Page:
In perfect sync with 90’s values, Post opens with a message that would have been embraced by any business executive of the era. Bjork wrote “Army of Me” as a message to her brother to grow up, get his shit together and develop a sense of personal responsibility. In the process, she connected with the millions of people in the world who are sick of whiny moaners who prey on the latent sense of guilt in the human psyche. The explosive opening mirrors the personal explosion when you’ve finally had enough of that poor-me shit, with the bass-heavy, relentless industrial beat communicating firm resolve. The part of the message I find most fascinating is the second verse:
You’re all right
There’s nothing wrong
And get to work
And if you complain once more
You’ll meet an army of me
“And get to work” is the line that most fascinates me. During the 90’s one of the dominant management fads had to do with something they called “accountability.” Leadership gurus everywhere considered accountability the magic bullet that would solve workplace productivity problems forever. After attending more leadership seminars than I care to admit, I figured out that the whole accountability fetish was really just a way for lousy managers to blame their own failings on everyone else and make them feel better about firing people. Unwittingly, Bjork validated the emerging status quo of the modern workplace, where failures are blamed on lower-level individuals while the bosses take credit for success. “Army of Me” is a powerful and appropriate message on a personal level, not so much when you’re talking about life within the hierarchy. Despite that quibble, “Army of Me” is a captivating opening track, and Bjork’s ability to alternate between quiet, simmering anger and barely-controlled explosions is admirable.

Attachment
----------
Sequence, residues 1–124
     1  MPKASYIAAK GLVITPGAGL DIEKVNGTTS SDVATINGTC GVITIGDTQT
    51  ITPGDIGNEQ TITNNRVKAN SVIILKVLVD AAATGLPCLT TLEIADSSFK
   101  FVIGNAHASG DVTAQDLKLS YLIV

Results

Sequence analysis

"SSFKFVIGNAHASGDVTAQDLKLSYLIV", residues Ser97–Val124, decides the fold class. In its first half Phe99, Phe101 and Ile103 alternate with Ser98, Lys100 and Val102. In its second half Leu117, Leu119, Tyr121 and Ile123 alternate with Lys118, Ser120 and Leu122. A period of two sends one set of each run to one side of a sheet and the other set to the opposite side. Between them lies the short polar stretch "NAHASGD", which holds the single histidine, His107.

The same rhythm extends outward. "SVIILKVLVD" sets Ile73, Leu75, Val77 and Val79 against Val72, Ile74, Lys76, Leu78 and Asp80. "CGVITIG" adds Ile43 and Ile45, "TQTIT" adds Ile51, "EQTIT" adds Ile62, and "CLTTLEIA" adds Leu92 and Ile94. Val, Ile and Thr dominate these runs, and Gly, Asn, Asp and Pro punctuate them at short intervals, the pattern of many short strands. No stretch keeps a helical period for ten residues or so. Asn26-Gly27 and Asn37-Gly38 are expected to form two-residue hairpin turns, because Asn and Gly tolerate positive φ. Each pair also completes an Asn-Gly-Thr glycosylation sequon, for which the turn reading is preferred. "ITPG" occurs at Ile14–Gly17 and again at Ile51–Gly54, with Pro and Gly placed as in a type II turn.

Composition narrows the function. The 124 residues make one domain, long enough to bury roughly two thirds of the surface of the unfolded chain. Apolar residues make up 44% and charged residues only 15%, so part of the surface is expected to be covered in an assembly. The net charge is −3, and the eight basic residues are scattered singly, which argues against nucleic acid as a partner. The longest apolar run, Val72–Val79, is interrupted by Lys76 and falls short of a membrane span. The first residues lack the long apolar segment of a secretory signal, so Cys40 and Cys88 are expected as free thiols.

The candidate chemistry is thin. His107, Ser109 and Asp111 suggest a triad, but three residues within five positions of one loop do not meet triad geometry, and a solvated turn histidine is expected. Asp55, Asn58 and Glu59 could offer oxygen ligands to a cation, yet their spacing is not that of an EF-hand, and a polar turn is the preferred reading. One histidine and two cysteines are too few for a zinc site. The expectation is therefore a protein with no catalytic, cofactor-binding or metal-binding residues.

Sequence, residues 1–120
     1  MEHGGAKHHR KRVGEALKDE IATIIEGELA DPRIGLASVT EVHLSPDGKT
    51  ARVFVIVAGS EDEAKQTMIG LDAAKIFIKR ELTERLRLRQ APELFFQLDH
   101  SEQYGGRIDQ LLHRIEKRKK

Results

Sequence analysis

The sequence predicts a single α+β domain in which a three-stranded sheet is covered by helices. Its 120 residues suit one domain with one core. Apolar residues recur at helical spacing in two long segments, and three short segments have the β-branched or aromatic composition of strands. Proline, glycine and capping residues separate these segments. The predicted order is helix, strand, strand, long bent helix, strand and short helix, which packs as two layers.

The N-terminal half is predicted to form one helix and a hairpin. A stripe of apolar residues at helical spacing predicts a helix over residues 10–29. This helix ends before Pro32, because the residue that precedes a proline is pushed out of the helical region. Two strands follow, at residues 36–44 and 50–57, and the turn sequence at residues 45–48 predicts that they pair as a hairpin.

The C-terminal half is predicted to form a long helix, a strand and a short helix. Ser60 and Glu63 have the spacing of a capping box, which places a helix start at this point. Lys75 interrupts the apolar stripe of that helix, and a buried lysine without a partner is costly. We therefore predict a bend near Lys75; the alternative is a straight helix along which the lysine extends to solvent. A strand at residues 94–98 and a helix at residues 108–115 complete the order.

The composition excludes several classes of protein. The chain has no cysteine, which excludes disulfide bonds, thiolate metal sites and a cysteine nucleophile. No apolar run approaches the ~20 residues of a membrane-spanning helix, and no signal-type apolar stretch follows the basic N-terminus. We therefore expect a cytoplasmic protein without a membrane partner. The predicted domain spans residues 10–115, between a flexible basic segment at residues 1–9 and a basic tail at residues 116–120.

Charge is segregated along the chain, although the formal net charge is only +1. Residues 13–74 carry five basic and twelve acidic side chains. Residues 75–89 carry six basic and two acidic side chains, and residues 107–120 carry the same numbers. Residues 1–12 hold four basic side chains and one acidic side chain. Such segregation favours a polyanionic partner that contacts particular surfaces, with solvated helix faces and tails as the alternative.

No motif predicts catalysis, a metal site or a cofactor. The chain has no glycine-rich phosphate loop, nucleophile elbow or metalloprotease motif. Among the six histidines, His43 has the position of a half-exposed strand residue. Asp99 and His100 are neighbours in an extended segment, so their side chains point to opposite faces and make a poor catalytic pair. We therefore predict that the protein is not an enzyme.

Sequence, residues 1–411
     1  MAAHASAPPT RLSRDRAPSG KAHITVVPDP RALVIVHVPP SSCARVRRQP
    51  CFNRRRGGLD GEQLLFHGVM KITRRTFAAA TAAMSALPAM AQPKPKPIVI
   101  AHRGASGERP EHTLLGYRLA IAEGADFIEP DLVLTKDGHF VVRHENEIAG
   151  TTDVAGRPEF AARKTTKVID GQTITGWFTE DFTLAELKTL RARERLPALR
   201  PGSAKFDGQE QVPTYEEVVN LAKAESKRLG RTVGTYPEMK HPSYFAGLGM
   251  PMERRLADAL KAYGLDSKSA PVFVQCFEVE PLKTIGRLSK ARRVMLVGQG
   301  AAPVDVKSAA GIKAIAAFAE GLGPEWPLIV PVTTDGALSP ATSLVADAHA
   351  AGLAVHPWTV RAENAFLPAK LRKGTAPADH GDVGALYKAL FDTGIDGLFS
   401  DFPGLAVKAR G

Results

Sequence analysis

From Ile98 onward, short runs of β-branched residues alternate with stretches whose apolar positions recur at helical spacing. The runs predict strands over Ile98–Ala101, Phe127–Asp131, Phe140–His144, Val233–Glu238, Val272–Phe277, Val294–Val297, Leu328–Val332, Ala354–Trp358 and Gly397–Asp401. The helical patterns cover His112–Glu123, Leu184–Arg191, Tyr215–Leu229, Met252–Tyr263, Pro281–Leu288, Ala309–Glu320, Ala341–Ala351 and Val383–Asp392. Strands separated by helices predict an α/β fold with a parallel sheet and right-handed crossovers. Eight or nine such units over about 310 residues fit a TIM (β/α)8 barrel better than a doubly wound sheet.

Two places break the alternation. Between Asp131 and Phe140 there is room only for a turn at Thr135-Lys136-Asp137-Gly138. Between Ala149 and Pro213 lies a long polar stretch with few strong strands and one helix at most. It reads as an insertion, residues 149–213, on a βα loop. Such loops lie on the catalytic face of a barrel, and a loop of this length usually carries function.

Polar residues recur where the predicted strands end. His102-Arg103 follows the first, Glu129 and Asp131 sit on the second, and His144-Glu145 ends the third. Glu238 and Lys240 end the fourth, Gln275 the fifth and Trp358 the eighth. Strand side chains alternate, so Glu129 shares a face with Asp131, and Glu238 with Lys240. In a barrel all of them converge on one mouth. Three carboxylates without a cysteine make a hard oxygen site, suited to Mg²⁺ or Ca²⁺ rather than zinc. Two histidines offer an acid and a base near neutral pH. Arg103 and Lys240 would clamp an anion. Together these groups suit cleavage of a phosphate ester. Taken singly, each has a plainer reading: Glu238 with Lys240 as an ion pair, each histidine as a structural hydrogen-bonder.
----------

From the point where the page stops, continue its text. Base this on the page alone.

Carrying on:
“Hyperballad” changes the mood from aggressive to introverted, as Bjork describes her morning ritual as one where she throws various objects off a mountaintop before her honey wakes up. She tells us, “It’s become a habit, a way to start the day,” something that allows her “to be safe up here with you.” Later she describes a more gruesome fantasy as she watches the objects cascade down the slope:
I follow with my eyes ’til they crash
Imagine what my body would sound like
Slamming against those rocks
When it lands
Will my eyes
Be closed or open?
This tale will seem very weird to you if you choose to interpret it through your conscious mind. For me, the key to understanding “Hyperballad” is the time of day—the waking hours, when we exist somewhere on the edge between the conscious and the unconscious. We experience this state when falling asleep or waking up, and often we find ourselves presented with strange images as visual manifestations of fears and fantasies emerging from the unconscious mind. The other night while I was falling asleep, images of driving on the steep winding roads of the Côte d’Azur popped up, and much to my horror I missed a curve and started plummeting to a Princess Grace-like demise. I jumped up, shook my head vigorously and immediately snuggled up to my lover “to feel safe.” “Hyperballad” is not a meaningless mind-dump, but the description of a common experience we rarely share except with our most intimate contacts. Bjork set out to break boundaries on Post, and “Hyperballad” is her most successful effort in that regard, and her most human contribution to the album.